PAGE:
We conclude our first hour by examining the history of the phrase "cultural melting pot". John Taylor Gatto cites its origin as the work of Henry Ford, whose efforts to promote Americanism were not limited to making English teaching compulsory for his workers. Another of his efforts was choreographing a performance which featured a large and prominently marked black 'melting pot' in which immigrants in national dress were transformed into flag waving uniformed American workers. Using the personal defense weapon (a hand-held weapon more dangerous than a sub-machine gun) as an example, we consider how a language embodies certain ideas, and how attractive they are to many in the 'under-developed world' once they have internalised the hierarchy which places US English and associated ideas at the top.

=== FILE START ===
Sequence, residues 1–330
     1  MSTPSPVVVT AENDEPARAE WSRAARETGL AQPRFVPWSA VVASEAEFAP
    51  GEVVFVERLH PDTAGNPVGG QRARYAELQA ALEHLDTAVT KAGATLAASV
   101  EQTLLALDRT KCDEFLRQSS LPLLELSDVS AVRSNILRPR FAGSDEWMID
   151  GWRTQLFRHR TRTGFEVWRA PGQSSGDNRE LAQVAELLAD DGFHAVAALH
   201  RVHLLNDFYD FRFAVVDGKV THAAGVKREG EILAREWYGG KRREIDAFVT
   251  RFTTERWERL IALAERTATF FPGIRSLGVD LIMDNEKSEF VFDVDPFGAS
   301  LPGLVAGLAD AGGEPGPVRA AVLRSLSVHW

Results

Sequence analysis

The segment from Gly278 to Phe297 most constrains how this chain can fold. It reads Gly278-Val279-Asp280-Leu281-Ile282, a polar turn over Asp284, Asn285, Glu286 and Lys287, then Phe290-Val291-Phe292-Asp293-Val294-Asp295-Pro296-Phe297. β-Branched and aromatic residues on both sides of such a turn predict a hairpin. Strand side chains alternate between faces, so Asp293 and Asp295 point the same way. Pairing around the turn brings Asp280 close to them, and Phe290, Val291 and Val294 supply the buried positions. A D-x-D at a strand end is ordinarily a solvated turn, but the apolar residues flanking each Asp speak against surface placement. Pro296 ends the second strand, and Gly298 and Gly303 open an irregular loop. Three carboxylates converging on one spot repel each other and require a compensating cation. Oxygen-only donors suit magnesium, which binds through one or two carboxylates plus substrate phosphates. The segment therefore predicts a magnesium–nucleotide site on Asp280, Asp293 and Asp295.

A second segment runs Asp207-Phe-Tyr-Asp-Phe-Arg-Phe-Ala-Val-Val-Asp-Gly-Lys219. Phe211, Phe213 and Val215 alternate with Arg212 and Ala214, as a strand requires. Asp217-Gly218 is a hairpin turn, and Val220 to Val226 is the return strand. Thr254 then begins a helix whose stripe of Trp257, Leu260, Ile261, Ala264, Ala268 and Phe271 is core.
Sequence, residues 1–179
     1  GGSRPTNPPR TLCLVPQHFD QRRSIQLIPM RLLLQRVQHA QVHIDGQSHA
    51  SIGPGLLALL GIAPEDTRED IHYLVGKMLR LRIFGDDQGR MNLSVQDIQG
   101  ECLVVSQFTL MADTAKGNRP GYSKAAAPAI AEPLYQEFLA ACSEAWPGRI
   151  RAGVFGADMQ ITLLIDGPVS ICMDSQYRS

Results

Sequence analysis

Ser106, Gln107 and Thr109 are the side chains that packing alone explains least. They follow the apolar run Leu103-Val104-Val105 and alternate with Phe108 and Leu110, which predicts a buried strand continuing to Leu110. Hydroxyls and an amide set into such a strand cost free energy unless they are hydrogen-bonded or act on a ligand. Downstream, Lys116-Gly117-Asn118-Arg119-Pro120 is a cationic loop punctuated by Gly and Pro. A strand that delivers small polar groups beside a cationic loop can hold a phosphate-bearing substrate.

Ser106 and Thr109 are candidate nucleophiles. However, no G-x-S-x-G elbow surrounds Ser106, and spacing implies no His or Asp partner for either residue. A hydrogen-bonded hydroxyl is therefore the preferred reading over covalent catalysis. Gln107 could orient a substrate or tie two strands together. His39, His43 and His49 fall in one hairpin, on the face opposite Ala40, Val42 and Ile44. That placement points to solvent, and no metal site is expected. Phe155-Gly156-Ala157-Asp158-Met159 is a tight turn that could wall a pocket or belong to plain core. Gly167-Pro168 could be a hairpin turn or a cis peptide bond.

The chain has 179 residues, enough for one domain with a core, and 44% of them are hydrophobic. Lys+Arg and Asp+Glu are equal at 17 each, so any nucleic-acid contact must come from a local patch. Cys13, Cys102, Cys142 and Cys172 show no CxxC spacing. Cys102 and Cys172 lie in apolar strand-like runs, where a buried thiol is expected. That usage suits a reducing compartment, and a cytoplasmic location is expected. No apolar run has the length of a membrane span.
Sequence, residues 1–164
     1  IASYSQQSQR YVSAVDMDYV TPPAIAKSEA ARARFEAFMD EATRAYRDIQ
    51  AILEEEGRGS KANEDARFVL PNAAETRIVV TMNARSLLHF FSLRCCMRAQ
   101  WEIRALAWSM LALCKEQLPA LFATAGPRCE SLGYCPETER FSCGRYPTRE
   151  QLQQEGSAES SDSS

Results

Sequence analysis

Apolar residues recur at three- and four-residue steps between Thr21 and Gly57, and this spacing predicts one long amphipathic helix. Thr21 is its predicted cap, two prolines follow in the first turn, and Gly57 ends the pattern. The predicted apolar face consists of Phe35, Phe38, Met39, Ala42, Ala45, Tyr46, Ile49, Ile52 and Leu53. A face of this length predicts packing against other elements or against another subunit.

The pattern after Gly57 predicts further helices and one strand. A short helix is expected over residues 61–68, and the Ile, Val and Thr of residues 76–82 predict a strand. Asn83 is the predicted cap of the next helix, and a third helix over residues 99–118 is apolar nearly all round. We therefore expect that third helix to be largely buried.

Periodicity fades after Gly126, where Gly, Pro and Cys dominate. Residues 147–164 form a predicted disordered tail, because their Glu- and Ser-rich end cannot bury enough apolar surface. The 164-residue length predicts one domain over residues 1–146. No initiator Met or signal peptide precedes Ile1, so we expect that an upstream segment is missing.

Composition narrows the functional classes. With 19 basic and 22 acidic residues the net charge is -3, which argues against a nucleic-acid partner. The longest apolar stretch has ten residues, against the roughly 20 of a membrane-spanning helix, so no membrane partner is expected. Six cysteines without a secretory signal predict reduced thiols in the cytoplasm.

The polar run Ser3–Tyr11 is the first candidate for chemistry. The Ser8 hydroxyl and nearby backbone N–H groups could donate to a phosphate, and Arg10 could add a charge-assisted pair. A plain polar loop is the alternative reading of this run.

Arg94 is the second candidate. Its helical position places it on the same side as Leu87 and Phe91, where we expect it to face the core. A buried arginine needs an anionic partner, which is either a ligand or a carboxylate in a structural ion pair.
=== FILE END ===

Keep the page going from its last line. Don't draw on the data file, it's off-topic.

In our second hour, linguist Vicente Rafael speaks in 2008 on Translation in Wartime, on the relation between language and empire, scrutinizing political rhetoric to expose the underlying attitude of linguistic hierarchy. He reviews the history of the US as a polyglot nation, its creation of a unique and simplified form of English, and of the public perception of translation as a labour of rendering intelligible the same basic ideas as are found in US English. He concludes by reviewing the difficult position of translators in Iraq, helping the occupying power.